In dogs, the sacrum consists of three fused vertebrae (Evans & De Lahunta, 2013) and recently the population of greyhounds in Victoria, Australia have shown a remarkably high incidence of sacrocaudal fusion in which the sacrum consists of four fused vertebra (Oheida, Philip, Yen, & Davies, 2016). Scientific data and the available literature regarding how the occurrence of sacrocaudal fusion might influence the morphology of other parts of the locomotory system in dogs is not clear enough to explain why sacrocaudal fusion appears to be so prevalent in the Victorian greyhound population. This study set out to explore the hypothesis that there are measurable differences in the morphology of the sacrum (S. Weight, S. Length, and S. Width) between greyhounds with standard (3 fused vertebrae) and those with different types of fused sacra (4 fused vertebrae, Type B, C, and D). Also, it was hypothesised that there is an association between the sex and body mass of the greyhounds and morphology of the sacrum (S. Weight, S. length, and S. Width). In addition, this study included an exploration into the influence of sacrocaudal fusion on the morphology of related anatomical structures within the spine such as the L.7 vertebra, and selected bones in hind limbs such as the calcaneus, talus, and patella. The sacra were collected from 171 greyhounds and classified using two systems. For the first system, sacra were classified based on the number of fused vertebrae and the type of fusion into four types: Type A (standard sacra), Type B (complete fusion between the transverse processes and between the bodies of the S3 and Ca1 vertebrae), Type C (fusion only between the transverse processes of the S3 and Ca1 vertebrae), and Type D (fusion only between the bodies of the S3 and Ca1 vertebrae). For the second classification system, sacra were classified based on the presence, reduction, or absence of the median sacral crest between the spinous processes of the S1 and S2 vertebrae into the following three types: Type F (a complete fusion or crest), Type R (reduction in the height of the crest between successive spinous processes), and Type N (absence of the crest). The length, width, and weight of sacra, calcanei, tali and patellae were recorded and compared between the greyhounds with standard and fused sacra. Also, the length of the L.7 vertebra and the angle of the lumbosacral junction and the angle of the spinous process of the 1st sacral vertebra were compared between the greyhounds with standard and fused sacra. There were variable numbers of the population in various chapters because some bones were too difficult to measure or because of breakage of bones during processing. The exact sample numbers are indicated in each table illustrating the results. The results of the studies showed that there was an increase in the convexity of the curvature of the pelvic surface of the sacrum and an increase in the roughness of the articular surface of the sacral wing in association with the occurrence of sacrocaudal fusion. Sacrocaudal fusion was found in 71 out of 171 greyhounds (41%). Overall, the mean weight, length, and width of the fused sacra were found to be significantly greater (P < 0.01) than standard sacra. Among the fused sacra, 13.5% (23/71) were Type B, 21.1% (36/71) Type C, and 6.4% (11/71) Type D. Type B sacra (complete fusion) were the heaviest (P <0.001), broadest (P <0.001), and longest (P <0.001) sacra compared to Type A, C or D sacra. Regarding standard and different types of fused sacra, there was no association between the sex, body mass and the occurrence of sacrocaudal fusion. In addition, different scenarios were suggested for the evolution of sacrocaudal fusion in the greyhound. The first scenario was termed “Continuous Dependent Sacrocaudal Fusion”, in which it was proposed that fusion occurred first between the S3 and Ca1 vertebral bodies, followed by the occurrence of fusion (Type C), with a final result of complete fusion (Type B). The second scenario was termed “Continuous Independent Sacrocaudal Fusion”, in which the sacrum might change from Type A to either Type C or D, and then further evolve into Type B (complete fusion). The third proposed scenario was termed “Non-continuous Independent Sacrocaudal Fusion”, in which a sacrum may evolve directly from Type A (standard) to be Type B, C or D without going through the possible sequences assumed in the first or second scenarios. The reduction (R) or absence (N) of the median sacral crest between the spinous processes of the S1 and S2 vertebrae, which has been observed in association with the occurrence of sacrocaudal fusion, allowed us to suggest this new classification of sacra in greyhounds. This classification divided sacra into three different types (F, R, and N) and the percentage of each was found to be significantly different between standard and fused sacra (P <0.001) with the fused sacra more commonly showing the N type, and not associated with sex or body mass. In addition, the angle of the spinous process of the 1st sacral vertebrae of sacra with median crest type N was statistically significantly less (more upright) than those in sacra with median crest type F (P <0.042). Investigating the morphology of the L.7 vertebra as an anatomical structure articulating directly with the sacrum and lumbosacral junction, showed that the L.7 length was significantly (P ≤ .008) longer and the angle of the lumbosacral junction in greyhounds with fused sacra was significantly increased (P <0.028) in dogs with sacrocaudal fusion compared with those with standard sacra and this variation was not associated with sex (P <0.765) or body mass (P <0.802). The results showed that the right and left calcanei, tali, and patellae in greyhounds with standard and fused sacra were anatomically similar. Among all greyhounds, asymmetry between some of measurements was found, including in the width of the calcaneus (P <0.009) and the talus (P <0.025) and the length of the calcaneus (P <0.001). Measurements were higher in those bones from left hind limbs. Studying specifically the greyhounds with standard sacra also showed asymmetry in the length of the calcaneus (P <0.008) and again those calcanei from left hind limbs (L.C.L) were longer than those from right hind limbs (R.C.L). For greyhounds with fused sacra, asymmetry was found in the width of the talus (P <0.024) and again those of left hind limbs were wider than those from right hind limbs. Regarding the influence of sacrocaudal fusion on bones, there were no significant differences in the mean of measurements in bones between greyhounds with standard and those with fused sacra except for the mass of the right (M.R.C, P <0.003) and left (M.L.C, P <0.006) calcaneus. Also, the measurements of these limb bones from greyhounds with fused sacra were heavier than those with standard sacra. This thesis provides quantitative data about the occurrence of sacrocaudal fusion and is the first study to investigate the morphological anatomy of the two types of sacrum: standard or fused, as well as selected bones in the vertebral column and hind limbs of greyhounds, such as the L.7 vertebra, calcaneus, talus, and patella. In summary, sacrocaudal fusion in greyhounds was associated with a change in the morphology of the sacrum, which included an increased angle of the spinous process in the 1st sacral vertebra, a reduction or absence of the median sacral crest between the spinous processes of the S1 and S2 vertebrae, and changes in related structures, such as an increase in the length of the L.7 vertebra and angle of the lumbosacral junction. Furthermore, it seems that sacrocaudal fusion has a type of influence on certain hind limbs bones such as the mass of the right and left calcanei. These variations in the anatomical features of the sacrum between dogs with or without sacrocaudal fusion may influence the effect of forces applied to the sacral region and also the incidence of injuries. In conclusion understanding the morphological variations of different types of sacra, in addition to the data provided by this thesis, is establishing a solid base for further research, which might help to explain why sacrocaudal fusion is so common in the Victorian greyhound racing population. Overall, this work provides an anatomical foundation for understanding the function of the sacrum in greyhounds and highlights how investigation into the sacral anatomy and related structures of the greyhound body may further the current understanding of dog locomotion.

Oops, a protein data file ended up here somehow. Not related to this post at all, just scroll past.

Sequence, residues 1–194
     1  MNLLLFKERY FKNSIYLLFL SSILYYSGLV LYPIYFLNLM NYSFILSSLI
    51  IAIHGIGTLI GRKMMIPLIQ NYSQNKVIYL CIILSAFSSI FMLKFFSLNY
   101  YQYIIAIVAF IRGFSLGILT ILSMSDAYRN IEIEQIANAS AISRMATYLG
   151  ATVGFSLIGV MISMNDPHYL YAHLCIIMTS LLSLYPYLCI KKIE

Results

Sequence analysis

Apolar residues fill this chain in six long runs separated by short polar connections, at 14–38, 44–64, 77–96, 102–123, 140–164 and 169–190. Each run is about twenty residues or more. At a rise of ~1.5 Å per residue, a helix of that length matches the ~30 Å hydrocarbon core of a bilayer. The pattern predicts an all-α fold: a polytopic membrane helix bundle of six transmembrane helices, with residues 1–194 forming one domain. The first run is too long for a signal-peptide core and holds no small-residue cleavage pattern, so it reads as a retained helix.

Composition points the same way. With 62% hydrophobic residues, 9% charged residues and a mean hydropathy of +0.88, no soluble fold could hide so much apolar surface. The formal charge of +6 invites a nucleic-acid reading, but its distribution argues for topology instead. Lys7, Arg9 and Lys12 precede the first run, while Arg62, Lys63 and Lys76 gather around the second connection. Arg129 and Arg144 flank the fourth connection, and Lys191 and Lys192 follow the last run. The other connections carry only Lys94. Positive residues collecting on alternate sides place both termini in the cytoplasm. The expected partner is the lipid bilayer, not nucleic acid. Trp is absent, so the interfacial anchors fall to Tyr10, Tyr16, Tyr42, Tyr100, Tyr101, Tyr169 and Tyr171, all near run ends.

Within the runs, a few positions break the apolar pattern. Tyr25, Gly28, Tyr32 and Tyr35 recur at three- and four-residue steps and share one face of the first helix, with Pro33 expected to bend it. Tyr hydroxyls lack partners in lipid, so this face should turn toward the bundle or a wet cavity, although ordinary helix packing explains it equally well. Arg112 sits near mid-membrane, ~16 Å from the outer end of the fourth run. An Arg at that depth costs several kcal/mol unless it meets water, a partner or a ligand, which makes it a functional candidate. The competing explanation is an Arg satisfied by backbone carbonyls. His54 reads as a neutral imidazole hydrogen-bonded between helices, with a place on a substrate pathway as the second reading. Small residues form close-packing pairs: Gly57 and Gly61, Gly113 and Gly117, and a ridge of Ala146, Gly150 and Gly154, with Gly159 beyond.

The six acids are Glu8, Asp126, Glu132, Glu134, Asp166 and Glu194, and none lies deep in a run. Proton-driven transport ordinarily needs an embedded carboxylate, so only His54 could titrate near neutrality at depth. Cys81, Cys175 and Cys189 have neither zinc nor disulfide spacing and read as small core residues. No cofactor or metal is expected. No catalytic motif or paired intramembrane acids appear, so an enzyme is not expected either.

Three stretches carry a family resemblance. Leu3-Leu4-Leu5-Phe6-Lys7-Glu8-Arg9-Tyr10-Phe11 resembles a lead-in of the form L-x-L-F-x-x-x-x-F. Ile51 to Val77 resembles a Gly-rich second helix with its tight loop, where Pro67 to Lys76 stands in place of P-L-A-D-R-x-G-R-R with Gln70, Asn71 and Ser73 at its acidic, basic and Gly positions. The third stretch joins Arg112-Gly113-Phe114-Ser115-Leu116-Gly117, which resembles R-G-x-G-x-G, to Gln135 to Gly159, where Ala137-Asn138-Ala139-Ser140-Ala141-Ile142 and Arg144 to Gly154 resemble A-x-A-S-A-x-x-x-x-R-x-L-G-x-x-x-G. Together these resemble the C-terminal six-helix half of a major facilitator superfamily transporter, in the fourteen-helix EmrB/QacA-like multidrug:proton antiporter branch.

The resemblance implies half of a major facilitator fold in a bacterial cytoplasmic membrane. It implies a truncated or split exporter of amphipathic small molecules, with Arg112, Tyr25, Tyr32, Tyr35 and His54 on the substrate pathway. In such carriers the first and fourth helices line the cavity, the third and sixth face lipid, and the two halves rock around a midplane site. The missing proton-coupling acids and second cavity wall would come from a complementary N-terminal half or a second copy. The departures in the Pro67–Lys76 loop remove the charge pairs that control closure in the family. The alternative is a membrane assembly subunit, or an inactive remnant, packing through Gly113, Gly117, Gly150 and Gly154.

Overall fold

KeywordsGreyhounds; Standard and fused sacra; Median sacral crest; Types of sacrum; Lumbosacral junction; Sacrocaudal fusion; Angulation of the spinous process of the 1st sacral vertebra; Calcaneus; Talus; 7th Lumbar vertebra; 1st Caudal vertebra